DUNCAN — The lawyer for a teen accused of first-degree murder in the Aug. 16 drive-by shooting of a college student says the charge is based solely on the flimsy statement of another teen.
Jim Berry, appointed to represent Chancey Luna, 16, said he doubts his client can get a fair trial in Oklahoma given the publicity surrounding the case that has drawn international attention, in part because the victim was an Australian citizen.
“I don’t think he can get a fair trial anywhere in the state of Oklahoma,” Berry said, “and because of the national publicity, it’s going to be hard to get any venue” that is fair.
Prosecutors said Luna fired the .22-caliber revolver that shot Christopher Lane, 22, as he was jogging.
Lane would have been a senior at East Central University in Ada and was visiting his girlfriend in Duncan.
James Edwards Jr., 15, whom prosecutors said was riding in the front passenger seat as Luna fired from the back seat, also faces a first-degree murder charge.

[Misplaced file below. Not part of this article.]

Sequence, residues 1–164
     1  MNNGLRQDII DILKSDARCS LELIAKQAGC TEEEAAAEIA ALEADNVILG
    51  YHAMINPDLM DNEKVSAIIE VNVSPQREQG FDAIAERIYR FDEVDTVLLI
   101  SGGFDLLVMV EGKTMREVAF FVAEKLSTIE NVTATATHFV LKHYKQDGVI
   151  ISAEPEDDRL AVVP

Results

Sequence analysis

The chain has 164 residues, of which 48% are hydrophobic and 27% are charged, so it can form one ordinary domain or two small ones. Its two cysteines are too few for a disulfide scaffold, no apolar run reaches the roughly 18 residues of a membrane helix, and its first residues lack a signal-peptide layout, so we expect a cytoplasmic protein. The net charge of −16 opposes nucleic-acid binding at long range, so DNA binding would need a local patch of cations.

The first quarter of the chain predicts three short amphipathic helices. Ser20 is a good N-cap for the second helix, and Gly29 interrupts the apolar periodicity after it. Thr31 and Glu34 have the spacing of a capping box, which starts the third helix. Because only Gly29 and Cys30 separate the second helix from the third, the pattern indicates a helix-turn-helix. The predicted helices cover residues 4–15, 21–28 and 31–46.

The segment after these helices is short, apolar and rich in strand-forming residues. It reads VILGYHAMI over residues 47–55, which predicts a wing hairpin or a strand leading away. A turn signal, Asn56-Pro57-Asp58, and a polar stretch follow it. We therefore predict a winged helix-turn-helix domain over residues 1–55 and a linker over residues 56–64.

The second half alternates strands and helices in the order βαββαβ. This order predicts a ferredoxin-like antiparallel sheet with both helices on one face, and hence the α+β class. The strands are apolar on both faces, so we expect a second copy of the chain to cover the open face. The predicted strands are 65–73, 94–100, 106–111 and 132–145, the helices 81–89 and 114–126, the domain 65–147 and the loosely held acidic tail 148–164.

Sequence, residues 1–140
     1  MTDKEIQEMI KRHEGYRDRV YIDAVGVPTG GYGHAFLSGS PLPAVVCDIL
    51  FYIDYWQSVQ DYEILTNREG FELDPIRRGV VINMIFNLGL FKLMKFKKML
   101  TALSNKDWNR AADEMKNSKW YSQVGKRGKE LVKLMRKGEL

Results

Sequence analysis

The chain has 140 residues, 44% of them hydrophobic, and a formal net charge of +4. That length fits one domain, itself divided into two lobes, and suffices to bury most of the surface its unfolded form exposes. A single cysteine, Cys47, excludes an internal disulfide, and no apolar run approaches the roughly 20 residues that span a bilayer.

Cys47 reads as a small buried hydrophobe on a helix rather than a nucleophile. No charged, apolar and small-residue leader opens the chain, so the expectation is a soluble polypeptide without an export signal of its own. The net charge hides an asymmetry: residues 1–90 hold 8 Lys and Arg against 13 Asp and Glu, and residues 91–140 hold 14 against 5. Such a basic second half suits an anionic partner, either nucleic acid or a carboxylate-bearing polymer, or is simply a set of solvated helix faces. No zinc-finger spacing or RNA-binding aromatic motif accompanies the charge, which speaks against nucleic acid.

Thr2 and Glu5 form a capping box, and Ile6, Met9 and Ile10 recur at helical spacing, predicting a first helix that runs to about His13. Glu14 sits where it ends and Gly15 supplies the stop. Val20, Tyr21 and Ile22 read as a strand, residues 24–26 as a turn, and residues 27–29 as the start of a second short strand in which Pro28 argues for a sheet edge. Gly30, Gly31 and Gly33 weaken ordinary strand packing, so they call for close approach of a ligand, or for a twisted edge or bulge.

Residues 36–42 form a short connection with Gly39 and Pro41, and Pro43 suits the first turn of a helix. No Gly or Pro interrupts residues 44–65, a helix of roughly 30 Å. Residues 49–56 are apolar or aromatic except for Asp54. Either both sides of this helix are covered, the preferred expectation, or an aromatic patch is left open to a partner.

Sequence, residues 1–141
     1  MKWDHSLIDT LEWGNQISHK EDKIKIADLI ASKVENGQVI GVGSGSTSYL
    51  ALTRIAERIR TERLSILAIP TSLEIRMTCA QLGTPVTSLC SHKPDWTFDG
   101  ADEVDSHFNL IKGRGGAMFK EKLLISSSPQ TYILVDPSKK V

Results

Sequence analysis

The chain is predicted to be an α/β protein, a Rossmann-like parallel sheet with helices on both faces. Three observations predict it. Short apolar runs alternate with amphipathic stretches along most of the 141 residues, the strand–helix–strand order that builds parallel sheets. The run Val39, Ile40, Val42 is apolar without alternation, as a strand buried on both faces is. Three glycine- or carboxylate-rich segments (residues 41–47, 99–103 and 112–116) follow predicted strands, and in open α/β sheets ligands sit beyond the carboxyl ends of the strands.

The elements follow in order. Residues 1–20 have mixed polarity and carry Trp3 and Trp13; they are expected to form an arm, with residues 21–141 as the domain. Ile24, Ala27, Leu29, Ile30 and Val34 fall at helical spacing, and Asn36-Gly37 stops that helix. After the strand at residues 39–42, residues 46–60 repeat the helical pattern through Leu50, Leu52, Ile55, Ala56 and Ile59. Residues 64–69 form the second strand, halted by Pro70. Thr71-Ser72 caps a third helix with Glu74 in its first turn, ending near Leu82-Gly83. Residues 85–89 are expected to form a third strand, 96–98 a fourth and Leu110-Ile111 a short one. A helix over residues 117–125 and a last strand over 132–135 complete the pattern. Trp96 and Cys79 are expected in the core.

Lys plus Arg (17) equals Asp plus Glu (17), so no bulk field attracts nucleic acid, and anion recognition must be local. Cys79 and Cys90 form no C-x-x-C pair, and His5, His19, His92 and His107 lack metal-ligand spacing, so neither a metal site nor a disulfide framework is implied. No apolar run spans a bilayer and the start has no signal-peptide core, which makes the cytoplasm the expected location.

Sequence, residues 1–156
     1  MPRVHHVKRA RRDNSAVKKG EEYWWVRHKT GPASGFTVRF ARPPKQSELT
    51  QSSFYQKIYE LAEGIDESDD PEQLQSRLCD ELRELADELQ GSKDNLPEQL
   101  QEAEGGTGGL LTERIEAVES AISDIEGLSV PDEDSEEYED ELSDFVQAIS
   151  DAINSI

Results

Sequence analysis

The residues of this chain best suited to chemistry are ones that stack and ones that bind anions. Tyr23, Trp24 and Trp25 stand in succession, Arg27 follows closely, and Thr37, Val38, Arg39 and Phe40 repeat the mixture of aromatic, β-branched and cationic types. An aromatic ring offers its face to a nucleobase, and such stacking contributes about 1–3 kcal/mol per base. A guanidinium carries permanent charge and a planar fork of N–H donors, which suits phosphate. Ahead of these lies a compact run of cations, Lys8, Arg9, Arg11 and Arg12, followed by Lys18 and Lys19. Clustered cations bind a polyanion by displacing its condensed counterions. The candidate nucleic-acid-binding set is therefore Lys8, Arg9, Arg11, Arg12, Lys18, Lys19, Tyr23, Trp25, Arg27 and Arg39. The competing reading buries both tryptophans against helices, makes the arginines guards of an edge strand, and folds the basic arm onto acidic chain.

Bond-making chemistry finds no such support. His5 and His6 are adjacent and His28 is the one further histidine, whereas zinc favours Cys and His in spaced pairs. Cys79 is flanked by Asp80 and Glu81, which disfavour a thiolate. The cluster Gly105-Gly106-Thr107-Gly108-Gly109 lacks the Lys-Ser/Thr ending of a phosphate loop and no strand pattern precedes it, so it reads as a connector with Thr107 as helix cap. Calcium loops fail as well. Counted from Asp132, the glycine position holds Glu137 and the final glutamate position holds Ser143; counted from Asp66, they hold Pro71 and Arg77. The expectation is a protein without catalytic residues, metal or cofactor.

Prosecutors said Michael Dewayne Jones, 17, was driving and tried to cover up the crime. Prosecutors said Jones is the only one who has cooperated in their investigation. He is charged as an accessory.
Albert Hoch Jr., the Oklahoma City attorney appointed to represent Edwards, declined comment in anticipation of the “gag order” passed Wednesday that prohibits prosecutors and defense attorneys from talking publicly about the case.
But Berry, interviewed Monday, said the only evidence is Jones’ “suspect” statements.
“Just getting them on camera and calling them thugs is not evidence,” Berry said in reference to Stephens County District Attorney Jason Hicks’ descriptions. “That’s as far as they have got it, and that is not evidence. It’s totally uncorroborated testimony of an alleged accomplice — that of Jones — and that’s not credible.”
Berry also questioned police reports that Jones said the teens acted out of boredom when they targeted Lane at random. That’s not mentioned in an affidavit filed in connection with the charges, he said.
Berry is planning to ask for the case to be moved from Stephens County to another courtroom in Oklahoma. He said the teens have been convicted “even before they’ve had their day in court.”
“I certainly express my condolences to the Lane family, and this is a tragedy,” he said. “But it seems like the media and the prosecutors and the police personnel have swept the presumption of evidence under the rug.”